The hand that rocks the cradle Is the hand that rules the world.
Thus runs the old adage, suggesting that the influence of mothers over sons and daughters is what finally determines who will rise to positions of leadership in the world.
This seems to be true, and then some, for William Lyon Mackenzie King (1874-1950), Prime Minister of Canada for 22 years between 1921 and 1948. King’s mother, Isabel King, daughter of William Lyon Mackenzie, a famous pre-confederation Canadian political rebel, had a powerful shaping influence on her eldest son while she was alive; after her death, at numerous séances arranged by or attended by King from 1920 to 1950, she continued to offer her famous son counsel and support.
Other deceased members of King’s family, including his brother, sister, father, and grandfather William Lyon Mackenzie, also regularly visited him from beyond the grave, as well as deceased political luminaries whom he admired, such as King’s mentor and predecessor Canadian Prime Minister Sir Wilfrid Laurier (1841-1919) and British Prime Ministers Lord Earl Grey (1764-1845), Benjamin Disraeli (1804-1881), and William Ewart Gladstone (18091898). King also, or so he recorded, received spirit messages from his best friend, Henry Albert (“Bert”) Harper, who died at age 27 while trying to save two people from drowning (King wrote a book about Bert called The Secret of Heroism). Other friendly spirits who reportedly dropped by for a visit with King were U.S. Presidents Franklin D. Roosevelt (1882-1945) and Theodore Roosevelt (1858-1919), Leonardo da Vinci (1452-1511), and deceased ministers of King’s Liberal cabinet like Minister of Defense Norman Rogers (killed in a plane crash on June 10, 1940). Even King’s deceased Irish terrier, Pat, occasionally made his presence felt.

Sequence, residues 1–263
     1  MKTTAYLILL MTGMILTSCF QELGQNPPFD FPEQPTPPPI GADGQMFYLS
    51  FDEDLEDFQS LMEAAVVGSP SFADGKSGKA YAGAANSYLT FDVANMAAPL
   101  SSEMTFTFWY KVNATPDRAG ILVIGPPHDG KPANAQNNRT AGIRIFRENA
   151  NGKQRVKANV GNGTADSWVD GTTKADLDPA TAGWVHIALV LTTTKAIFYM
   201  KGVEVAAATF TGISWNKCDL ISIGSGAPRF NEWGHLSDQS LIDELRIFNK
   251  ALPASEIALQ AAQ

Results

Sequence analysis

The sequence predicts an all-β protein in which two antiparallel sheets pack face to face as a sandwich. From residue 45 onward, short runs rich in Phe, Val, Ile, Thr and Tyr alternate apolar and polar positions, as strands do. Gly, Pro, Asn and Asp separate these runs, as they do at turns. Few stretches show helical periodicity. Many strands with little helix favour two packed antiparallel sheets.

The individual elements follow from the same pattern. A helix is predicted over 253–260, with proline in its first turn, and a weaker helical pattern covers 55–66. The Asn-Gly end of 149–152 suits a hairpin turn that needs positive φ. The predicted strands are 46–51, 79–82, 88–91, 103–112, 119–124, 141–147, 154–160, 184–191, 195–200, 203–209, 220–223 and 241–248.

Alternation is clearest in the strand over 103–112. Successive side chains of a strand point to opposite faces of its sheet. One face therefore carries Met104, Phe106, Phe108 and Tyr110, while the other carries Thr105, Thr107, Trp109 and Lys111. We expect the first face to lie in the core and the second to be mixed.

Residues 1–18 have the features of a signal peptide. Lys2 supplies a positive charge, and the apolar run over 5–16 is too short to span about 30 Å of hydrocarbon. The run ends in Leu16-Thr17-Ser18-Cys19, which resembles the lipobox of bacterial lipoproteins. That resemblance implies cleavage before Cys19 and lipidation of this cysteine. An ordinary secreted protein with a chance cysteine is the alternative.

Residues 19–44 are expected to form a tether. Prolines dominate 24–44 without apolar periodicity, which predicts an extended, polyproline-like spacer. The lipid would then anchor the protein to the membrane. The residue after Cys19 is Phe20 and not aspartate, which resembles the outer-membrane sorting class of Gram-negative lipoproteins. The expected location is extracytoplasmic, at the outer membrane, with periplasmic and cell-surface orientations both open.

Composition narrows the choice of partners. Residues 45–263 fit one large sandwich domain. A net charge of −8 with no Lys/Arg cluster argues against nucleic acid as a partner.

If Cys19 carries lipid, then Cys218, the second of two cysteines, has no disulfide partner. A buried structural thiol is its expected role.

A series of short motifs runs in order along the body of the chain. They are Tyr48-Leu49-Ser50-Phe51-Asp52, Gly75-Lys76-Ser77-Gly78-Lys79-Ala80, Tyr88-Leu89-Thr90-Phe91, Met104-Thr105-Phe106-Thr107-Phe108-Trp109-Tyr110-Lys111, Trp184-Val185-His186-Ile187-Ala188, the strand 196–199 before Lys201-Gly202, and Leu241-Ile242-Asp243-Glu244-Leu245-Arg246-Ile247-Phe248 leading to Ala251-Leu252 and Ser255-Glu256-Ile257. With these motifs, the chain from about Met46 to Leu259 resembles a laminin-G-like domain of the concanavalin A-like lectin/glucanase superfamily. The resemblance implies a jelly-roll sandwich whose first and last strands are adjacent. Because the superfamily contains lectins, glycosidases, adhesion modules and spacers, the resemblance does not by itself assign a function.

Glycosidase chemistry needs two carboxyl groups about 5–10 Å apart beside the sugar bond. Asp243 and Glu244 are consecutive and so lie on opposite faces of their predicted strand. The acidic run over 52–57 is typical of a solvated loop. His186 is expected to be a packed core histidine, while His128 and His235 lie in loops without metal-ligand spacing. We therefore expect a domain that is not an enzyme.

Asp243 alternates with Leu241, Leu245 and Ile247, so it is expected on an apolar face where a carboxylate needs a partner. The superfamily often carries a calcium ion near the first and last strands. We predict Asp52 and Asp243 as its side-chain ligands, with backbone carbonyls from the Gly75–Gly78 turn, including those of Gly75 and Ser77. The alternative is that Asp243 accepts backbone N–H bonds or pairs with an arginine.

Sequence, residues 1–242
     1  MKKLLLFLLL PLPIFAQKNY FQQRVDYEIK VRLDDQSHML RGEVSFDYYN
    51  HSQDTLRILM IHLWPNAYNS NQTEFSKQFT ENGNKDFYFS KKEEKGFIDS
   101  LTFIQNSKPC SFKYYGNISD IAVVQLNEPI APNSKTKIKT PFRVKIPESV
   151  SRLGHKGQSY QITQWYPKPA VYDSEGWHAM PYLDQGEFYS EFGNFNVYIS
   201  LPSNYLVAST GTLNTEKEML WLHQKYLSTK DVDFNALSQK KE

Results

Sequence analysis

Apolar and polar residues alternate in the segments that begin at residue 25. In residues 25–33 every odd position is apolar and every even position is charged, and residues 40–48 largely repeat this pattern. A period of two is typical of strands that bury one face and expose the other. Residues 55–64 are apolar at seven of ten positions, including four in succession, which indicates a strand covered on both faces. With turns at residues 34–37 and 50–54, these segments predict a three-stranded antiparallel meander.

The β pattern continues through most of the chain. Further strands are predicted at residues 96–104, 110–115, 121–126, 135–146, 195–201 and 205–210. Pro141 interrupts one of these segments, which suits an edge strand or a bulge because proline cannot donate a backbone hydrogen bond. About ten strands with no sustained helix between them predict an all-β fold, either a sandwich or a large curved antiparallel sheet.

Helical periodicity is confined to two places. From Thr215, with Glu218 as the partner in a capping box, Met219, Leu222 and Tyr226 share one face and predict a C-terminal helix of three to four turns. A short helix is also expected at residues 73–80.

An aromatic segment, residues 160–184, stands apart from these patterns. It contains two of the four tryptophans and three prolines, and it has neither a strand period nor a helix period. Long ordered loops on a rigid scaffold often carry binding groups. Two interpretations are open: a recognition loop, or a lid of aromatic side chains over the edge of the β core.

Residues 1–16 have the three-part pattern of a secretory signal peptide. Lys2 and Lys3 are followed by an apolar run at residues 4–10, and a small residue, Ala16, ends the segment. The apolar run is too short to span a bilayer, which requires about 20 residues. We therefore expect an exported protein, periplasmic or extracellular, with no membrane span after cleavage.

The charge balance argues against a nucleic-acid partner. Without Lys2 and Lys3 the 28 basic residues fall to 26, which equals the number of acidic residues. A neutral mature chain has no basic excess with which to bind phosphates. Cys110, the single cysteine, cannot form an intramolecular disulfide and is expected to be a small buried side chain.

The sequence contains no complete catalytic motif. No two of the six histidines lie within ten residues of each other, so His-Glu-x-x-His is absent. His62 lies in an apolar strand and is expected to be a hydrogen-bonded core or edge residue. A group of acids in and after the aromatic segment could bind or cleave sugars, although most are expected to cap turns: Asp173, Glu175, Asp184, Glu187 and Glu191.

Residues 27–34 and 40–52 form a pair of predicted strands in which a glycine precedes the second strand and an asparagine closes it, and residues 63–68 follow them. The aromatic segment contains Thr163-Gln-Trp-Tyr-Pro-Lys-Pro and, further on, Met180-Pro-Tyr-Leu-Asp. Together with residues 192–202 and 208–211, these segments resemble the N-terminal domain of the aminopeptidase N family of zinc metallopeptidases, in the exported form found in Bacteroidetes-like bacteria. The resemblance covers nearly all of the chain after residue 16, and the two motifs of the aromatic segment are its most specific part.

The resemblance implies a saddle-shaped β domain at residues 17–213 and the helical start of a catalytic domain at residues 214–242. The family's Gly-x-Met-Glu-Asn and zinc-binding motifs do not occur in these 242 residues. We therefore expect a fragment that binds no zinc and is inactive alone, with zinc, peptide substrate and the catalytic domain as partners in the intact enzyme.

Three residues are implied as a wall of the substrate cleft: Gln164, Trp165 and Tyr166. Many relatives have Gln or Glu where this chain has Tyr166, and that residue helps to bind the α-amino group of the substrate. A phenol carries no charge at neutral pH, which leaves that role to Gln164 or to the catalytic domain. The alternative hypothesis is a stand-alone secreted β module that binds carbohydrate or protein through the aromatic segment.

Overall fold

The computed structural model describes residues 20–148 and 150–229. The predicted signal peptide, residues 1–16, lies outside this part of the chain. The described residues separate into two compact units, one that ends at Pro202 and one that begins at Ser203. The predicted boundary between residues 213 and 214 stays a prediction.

According to King’s diaries and witnesses who spoke after his death, the Canadian Prime Minister never sought advice from these disembodied visitors about how to run the country and never followed advice proffered to him in unsolicited fashion. During one clandestine visit in London, he told an eminent British medium that, “he made it a rule to ignore advice thus given: he trusted solely to his own and his advisors’ judgment.”
Born in Berlin (now Kitchener), Ontario, King received an M.A. in political science from the University of Toronto, then the same degree, along with a Ph.D. in political economy, from Harvard. King was Canada’s first Minister of Labor, in the pre-World War One Liberal government of Sir Wilfrid Laurier. Out of politics during the war, he spent much time in the U. S. studying labor problems. King became Prime Minister in 1921; he immediately set about drawing up and enacting important pro-labor legislation. During his entire tenure as Prime Minister, King never lost sight of a personal mission to protect the interests of labor, of minorities, and of the downtrodden in general. During the Second World War, with Canadian troops fighting on a voluntary basis in Europe, King sought to stave off conscription, which had angered the one-third of Canadians of French descent (who felt no loyalty towards the British Empire) during World War One; the unity of Canada had been threatened. King held fast in his goal until late 1944. Over the years he masterminded the careful and gradual, complete separation of Canada from the British Empire. King retired in 1948; by April of that year he had been in office over 21 years, breaking the record of 7,619 days set by British Prime Minister Sir Robert Walpole in the 1700s. Mackenzie King still holds the record as the longest-to-be-inpower elected head of state in the English-speaking world.